Your Brain on Conflict

You are heading for a mediation session about a workplace issue and you know it will be tense. Your heart is racing a bit and you take some deep breaths to calm your nerves and prepare to stay in control. The outcome of this mediation is important to you and you do not want to lose control.  Then you walk into the conference room and see your nemesis. Somewhere inside a switch is flipped and your fury is about to burst into the room.[1]

[Read more…]

Workplace & Intergenerational Communication

Labor Force Composition by Generation

Communication between people has always been fraught with conflicts as individuals have their own unique way of communicating and interpreting the messages of others. Combine this with the tremendous generational diversity in today’s workplace and managers have a potential cauldron of trouble on their hands. This article will address some of the communication challenges which result from today’s multi-generational work force and how mediation can be used to address these challenges.

Today’s workforce

In a Forbes article, we find that a third of the working adults in career jobs today, consist of Millennials. Moreover, due to higher costs of living, many Baby Boomers work until much later ages. With such a wide spectrum of ages, managers are faced with the wide spectrum of communication methods and styles. The generation gap can produce much conflict as co-workers and managers grapple with the various challenges. When employees and managers don’t get along with each other and communication goes astray, it is vital that businesses have conflict resolution skills in their tool kit.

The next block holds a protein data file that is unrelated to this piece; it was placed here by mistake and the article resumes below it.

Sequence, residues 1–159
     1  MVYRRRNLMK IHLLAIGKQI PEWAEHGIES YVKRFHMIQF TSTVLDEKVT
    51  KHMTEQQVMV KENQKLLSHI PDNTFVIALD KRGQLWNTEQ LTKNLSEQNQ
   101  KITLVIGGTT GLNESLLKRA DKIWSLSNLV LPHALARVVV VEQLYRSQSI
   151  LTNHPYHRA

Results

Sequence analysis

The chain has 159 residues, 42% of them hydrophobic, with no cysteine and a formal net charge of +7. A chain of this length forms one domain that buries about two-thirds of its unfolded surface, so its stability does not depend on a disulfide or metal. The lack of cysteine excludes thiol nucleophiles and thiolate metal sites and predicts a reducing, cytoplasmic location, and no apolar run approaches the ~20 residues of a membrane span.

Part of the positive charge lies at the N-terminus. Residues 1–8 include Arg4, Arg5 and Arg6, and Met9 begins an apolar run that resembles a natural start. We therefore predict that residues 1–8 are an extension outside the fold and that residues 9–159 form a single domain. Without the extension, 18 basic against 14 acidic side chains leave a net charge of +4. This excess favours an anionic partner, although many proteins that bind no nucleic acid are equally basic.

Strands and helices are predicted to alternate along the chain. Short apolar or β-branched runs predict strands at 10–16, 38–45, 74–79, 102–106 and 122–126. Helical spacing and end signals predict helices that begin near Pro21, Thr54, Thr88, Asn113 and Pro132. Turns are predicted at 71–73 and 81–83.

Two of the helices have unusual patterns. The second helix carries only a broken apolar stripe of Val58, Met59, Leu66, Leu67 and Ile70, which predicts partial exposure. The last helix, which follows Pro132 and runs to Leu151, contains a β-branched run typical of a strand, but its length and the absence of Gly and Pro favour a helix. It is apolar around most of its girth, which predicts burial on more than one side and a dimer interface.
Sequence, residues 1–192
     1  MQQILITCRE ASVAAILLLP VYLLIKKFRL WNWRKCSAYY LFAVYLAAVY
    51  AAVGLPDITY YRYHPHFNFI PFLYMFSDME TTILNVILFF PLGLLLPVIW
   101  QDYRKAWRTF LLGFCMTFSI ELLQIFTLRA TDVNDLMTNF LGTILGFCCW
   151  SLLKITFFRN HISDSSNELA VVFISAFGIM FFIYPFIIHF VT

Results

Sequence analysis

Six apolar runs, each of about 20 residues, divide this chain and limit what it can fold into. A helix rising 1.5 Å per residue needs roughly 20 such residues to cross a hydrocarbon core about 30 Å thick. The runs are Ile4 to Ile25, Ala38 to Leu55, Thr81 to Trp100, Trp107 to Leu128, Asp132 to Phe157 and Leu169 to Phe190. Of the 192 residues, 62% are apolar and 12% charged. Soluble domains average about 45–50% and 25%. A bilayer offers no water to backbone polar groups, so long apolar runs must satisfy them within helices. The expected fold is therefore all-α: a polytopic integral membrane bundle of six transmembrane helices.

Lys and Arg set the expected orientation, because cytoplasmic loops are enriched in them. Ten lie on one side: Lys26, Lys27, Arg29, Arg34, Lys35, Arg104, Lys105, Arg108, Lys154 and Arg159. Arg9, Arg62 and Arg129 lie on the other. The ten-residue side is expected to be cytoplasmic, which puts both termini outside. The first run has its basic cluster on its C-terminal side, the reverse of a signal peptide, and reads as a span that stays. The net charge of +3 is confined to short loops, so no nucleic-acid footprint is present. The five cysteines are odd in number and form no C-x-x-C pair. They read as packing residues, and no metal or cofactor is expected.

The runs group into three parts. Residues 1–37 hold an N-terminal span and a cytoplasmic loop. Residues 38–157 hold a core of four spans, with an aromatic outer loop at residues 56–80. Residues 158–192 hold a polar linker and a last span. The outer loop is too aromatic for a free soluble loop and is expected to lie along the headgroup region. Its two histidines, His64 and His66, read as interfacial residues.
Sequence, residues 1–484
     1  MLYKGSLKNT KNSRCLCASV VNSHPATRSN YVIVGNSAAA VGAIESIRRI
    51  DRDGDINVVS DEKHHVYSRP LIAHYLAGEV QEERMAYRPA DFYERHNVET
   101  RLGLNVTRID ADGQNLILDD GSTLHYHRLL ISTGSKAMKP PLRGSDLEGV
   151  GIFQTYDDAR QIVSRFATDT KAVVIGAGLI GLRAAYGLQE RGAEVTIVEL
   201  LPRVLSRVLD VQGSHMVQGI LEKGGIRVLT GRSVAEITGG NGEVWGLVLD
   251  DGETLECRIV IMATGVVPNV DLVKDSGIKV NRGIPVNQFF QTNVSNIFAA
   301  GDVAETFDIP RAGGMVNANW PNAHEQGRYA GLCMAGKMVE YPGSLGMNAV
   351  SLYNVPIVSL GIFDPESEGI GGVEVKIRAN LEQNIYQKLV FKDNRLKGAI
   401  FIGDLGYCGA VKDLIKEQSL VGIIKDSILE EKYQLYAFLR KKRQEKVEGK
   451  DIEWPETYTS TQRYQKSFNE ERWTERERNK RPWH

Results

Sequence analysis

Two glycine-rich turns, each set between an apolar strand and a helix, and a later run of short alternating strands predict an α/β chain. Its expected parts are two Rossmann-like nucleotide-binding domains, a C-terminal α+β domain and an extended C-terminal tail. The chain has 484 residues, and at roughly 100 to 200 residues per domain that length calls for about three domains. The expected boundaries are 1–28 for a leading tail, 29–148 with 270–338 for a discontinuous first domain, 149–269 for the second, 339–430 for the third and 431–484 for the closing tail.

[Read more…]

How Stress Affects Conflict Resolution

Stress levels among adults in the United States have risen overall since 2015. According to TIME Magazine, 24 percent of adults reported feeling “extreme stress” in a survey conducted by the American Psychological Association. Money, work, family responsibilities, the economy, and health concerns are the top five most common stressors. With so many adults experiencing such high levels of stress, what does that mean for conflict and mediation? I’ve written previously about instigators of holiday stress as well as misplaced, displaced, and overblown conflicts resulting from stress. Let’s look further at how stress impacts conflict and its resolution.